The League of Women Voters of Evanston held its first meeting on March 28, 1922 – 100 years ago. The National League of Women Voters was founded on February 14, 1920 (in Chicago) and the 19th amendment was ratified on August 26, 1920. Why did it take two years for the Evanston league to form? What is the story of its founding?
Women’s Suffrage in Illinois
Most women’s suffrage timelines start with the 1848 Women’s Rights Convention in Seneca Falls, New York, and the first suffrage activities in Illinois took place in the 1850s. In the late 1800s the temperance movement was the leading reform movement for women, and the Woman’s Christian Temperance Union, led by Evanston’s own Frances Willard, endorsed women’s suffrage in 1881.
Some states granted limited voting rights to women in the 1890s. Illinois women could vote in school elections starting in 1891; school involvement was seen as closely linked to their roles as mothers. In 1913 their rights were broadened to include voting for additional offices, including president. Illinois was the first state to ratify the 19th amendment and the location of important moments in suffrage history including the founding of the National Women’s Party and, as mentioned, the founding of the League of Women Voters.
Debating the League’s Mission
At its founding, it wasn’t fully clear what the LWV would do, and discussions and debates about its mission began immediately. Although women in many states could already vote for at least some offices, many had not yet fully embraced the idea of themselves as voters, and the LWV could provide a place for women to learn about and explore this new identity. It is hard for us to imagine, but the idea that the voices of women were not needed or wanted in the political process was ingrained and hard to shake.
The LWV could also provide a place for women to continue their work for women’s rights more broadly, as voting was just one of many ways their lives were restricted based on gender. Through the LWV women could also advocate for such issues as mother and child welfare. And women could rely on the LWV for voter information and education outside the political parties that had long excluded them. Each of these roles was important and each could solely occupy the work of the organization. Deciding which to focus on was the challenge of the early years, nationally and at the state and local levels. At the founding convention of the Illinois League of Women Voters in October 1920, a symposium was held on “The LWV and What It Can Accomplish.”[i]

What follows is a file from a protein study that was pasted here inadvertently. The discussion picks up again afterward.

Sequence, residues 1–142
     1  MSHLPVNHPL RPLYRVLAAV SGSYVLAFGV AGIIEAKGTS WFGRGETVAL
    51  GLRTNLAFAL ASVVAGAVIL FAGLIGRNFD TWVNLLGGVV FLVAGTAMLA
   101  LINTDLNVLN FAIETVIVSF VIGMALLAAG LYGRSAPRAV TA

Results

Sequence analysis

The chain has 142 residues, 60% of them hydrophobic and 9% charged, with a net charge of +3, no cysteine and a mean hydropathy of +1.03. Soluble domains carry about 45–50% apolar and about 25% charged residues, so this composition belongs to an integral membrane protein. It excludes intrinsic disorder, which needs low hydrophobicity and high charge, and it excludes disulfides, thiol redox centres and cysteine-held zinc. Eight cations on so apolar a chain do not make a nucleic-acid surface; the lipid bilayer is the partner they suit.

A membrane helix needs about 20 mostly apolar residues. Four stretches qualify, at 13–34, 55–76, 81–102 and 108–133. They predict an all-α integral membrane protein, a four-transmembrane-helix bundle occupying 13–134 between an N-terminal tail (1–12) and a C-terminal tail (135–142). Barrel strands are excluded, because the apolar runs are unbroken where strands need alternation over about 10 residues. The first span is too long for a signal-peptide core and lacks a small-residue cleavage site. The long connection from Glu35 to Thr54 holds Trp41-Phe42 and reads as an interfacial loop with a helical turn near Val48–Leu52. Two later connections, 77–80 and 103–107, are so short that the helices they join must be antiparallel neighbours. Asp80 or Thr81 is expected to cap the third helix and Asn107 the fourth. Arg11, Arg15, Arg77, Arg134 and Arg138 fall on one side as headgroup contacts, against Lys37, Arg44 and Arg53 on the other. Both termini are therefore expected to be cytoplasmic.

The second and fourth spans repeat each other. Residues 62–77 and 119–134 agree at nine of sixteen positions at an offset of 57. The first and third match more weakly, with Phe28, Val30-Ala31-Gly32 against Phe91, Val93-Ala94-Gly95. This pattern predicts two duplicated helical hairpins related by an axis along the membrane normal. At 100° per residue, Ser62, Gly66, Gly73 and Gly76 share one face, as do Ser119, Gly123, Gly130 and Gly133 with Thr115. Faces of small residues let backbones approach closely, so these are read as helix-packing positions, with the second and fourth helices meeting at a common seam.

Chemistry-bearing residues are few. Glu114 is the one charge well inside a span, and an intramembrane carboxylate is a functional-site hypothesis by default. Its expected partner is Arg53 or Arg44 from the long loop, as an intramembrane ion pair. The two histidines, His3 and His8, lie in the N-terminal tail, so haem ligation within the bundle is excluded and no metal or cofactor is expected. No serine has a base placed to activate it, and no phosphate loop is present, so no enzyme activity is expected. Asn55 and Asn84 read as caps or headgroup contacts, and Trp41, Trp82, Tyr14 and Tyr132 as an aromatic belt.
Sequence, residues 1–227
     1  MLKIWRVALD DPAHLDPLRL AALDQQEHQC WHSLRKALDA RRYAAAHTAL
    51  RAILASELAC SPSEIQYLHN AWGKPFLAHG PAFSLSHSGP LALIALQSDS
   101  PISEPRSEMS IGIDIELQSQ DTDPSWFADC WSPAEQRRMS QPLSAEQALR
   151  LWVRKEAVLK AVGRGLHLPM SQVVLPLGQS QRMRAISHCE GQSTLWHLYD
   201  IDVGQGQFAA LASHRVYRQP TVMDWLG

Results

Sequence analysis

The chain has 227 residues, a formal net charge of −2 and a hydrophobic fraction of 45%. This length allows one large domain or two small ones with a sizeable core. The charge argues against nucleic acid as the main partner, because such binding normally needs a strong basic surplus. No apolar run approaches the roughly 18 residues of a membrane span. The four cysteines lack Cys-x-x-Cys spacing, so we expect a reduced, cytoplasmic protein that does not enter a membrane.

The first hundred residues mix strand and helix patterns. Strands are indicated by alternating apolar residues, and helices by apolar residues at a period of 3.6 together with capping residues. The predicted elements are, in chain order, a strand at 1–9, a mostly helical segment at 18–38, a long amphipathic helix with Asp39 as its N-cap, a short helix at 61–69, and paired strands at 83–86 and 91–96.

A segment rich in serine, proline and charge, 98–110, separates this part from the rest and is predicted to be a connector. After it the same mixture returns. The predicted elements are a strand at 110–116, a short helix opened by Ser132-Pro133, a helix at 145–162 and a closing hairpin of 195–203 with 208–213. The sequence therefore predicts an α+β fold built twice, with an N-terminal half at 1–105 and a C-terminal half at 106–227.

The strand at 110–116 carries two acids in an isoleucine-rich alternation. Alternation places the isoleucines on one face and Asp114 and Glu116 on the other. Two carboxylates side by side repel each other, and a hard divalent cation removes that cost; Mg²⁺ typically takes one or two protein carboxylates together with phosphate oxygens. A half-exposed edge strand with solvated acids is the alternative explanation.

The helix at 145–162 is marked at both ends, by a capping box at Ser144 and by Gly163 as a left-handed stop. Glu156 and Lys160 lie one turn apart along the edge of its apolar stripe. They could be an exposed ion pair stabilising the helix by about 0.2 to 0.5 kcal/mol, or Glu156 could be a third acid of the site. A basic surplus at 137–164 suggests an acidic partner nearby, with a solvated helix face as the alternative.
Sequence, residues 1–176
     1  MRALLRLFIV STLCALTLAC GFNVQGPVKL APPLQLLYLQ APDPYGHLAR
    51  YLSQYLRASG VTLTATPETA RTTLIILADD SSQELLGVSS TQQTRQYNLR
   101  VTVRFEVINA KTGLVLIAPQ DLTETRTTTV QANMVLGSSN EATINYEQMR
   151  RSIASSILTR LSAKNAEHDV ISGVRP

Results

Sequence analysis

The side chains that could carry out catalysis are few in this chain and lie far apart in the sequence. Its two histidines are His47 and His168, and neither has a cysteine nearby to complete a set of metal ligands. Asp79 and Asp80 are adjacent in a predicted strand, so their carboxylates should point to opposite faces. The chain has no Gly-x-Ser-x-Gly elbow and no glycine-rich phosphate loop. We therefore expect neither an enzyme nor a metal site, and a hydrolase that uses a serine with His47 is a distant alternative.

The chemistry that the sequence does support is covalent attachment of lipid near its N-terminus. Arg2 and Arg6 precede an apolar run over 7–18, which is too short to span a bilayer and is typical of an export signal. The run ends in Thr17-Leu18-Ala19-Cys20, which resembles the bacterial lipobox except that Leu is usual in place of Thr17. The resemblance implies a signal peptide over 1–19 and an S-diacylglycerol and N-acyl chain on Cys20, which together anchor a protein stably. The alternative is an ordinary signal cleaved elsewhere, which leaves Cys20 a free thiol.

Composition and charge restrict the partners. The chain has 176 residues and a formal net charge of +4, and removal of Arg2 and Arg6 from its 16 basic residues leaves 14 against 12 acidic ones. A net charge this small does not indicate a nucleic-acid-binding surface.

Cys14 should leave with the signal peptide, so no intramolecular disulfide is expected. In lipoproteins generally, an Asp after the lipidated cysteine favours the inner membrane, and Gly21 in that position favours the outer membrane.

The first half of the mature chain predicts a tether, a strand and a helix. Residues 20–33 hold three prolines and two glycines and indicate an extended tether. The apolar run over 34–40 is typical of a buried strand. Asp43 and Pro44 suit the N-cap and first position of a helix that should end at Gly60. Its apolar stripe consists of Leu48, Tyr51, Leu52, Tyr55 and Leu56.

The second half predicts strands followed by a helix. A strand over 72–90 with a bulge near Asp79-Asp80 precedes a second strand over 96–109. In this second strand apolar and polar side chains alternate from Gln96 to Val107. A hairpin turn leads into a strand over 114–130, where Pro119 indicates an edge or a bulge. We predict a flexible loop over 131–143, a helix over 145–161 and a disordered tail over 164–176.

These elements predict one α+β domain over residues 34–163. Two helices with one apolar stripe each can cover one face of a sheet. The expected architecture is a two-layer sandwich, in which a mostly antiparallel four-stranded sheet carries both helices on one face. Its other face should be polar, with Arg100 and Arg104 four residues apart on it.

Debates about focus were accompanied by another big question: Was there really a need for a women voters’ organization? From the beginning the LWV thought of itself as nonpartisan, like its predecessor suffrage organizations where Democrat and Republican women worked together. Some women, though, saw no need for a nonpartisan voters’ organization; women should just join the party of their choice and work within it for things they thought important. For issues of special interest to women, they could also continue to work through existing groups. In Evanston, for example, women had been working together across party lines for many years in organizations like the WCTU and the Woman’s Club of Evanston.
A League in Evanston
In Fall 1921 debates about the role of the LWV came to a head at the national convention. Voter turnout for the 1920 presidential election had been low with many women staying out of the process entirely. This surprised League members, and it became clear that getting other women registered to vote and to the polls was going to take more work and focus than originally thought. The need for nonpartisan voter education became paramount, and the national league began to see its role more clearly. While it would continue to work broadly for women’s issues and rights, its focus would be on creating an educated electorate (male and female) and getting women involved in politics.
It is this focus that got the attention of Evanston women and galvanized them to form the LWVE. The stated goal of the organization was “to ensure that correct information was given to all women voters of Evanston.”[ii] One early activity was to help organize a Citizenship School (see last month’s Intercom). After its founding meeting on March 28th, the LWVE invited representatives from 70 Evanston women’s organizations to a luncheon at the Woman’s Club of Evanston to form the coalition and begin the work.
The guest speaker for the April 2nd luncheon was Jeannette Rankin, the first woman elected to the U.S. Congress. Her speech that day made the front page of the Evanston Index. She is quoted as saying: “Women are being accused of taking advantage of their sex to accomplish their ends. Nevertheless women are now recognized as a power to be feared in the political field…Women were dangerous before they got the vote, but now they have it, they are invincible.”[iii]
For more about the Evanston League and its current work – visit its website – https://www.lwve.org
Kristi Andersen. After Suffrage: Women in Partisan Electoral Politics before the New Deal. Chicago: Univ. of Chicago Press, 1996.
Louise M. Young. In the Public Interest: League of Women Voters, 1920-1970. New York: Greenwood Press, 1989.
[i] The Woman Citizen, October 16, 1920, p 551.
[ii] Evanston News Index, March 16, 1922.
[iii] Evanston News Index, April 4, 1922, p 1.